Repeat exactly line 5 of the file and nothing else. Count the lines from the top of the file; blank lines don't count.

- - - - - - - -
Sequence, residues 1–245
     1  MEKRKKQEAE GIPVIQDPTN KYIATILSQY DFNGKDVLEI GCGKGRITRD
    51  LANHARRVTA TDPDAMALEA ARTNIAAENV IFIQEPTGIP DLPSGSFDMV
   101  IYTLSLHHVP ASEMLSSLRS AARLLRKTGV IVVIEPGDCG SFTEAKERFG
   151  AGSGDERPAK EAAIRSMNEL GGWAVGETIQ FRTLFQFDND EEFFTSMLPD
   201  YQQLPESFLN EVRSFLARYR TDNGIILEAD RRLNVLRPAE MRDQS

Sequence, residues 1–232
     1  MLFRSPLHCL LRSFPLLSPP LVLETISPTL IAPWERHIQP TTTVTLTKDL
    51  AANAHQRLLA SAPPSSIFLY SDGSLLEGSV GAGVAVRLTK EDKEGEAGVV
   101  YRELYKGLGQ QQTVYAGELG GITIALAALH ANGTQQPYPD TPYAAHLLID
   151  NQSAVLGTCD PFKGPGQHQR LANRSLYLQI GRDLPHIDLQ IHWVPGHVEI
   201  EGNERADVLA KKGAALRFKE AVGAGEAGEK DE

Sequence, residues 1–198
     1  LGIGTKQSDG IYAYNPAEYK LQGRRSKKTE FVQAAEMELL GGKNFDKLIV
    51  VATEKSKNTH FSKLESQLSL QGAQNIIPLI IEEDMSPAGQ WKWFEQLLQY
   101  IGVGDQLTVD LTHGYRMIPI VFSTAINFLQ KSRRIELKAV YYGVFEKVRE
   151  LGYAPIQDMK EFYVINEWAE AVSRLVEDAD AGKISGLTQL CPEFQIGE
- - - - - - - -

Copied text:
   151  AGSGDERPAK EAAIRSMNEL GGWAVGETIQ FRTLFQFDND EEFFTSMLPD